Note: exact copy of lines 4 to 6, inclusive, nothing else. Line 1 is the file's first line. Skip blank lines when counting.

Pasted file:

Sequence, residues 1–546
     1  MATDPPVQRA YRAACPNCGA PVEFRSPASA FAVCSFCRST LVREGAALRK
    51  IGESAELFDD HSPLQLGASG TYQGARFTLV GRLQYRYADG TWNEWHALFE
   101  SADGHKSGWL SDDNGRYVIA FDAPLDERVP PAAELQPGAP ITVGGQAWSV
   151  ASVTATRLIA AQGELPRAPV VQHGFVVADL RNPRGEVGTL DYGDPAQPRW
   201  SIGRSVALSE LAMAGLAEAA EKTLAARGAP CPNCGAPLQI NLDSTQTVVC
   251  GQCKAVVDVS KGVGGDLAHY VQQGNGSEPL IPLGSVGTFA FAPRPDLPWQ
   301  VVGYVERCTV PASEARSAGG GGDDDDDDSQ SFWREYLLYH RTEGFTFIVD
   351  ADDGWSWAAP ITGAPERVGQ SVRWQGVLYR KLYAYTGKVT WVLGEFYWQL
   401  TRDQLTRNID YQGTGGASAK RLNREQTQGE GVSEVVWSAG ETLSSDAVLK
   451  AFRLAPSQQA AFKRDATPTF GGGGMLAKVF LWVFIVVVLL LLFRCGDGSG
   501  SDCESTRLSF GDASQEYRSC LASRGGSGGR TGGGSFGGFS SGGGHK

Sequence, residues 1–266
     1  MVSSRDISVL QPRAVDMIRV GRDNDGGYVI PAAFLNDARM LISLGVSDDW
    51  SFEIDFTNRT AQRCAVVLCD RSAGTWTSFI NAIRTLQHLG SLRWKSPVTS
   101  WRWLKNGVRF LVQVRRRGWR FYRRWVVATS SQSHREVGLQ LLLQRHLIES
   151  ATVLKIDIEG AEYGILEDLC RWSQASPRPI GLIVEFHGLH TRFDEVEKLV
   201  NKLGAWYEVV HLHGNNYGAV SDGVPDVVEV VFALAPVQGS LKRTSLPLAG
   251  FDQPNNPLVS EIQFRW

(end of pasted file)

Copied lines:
   101  SADGHKSGWL SDDNGRYVIA FDAPLDERVP PAAELQPGAP ITVGGQAWSV
   151  ASVTATRLIA AQGELPRAPV VQHGFVVADL RNPRGEVGTL DYGDPAQPRW
   201  SIGRSVALSE LAMAGLAEAA EKTLAARGAP CPNCGAPLQI NLDSTQTVVC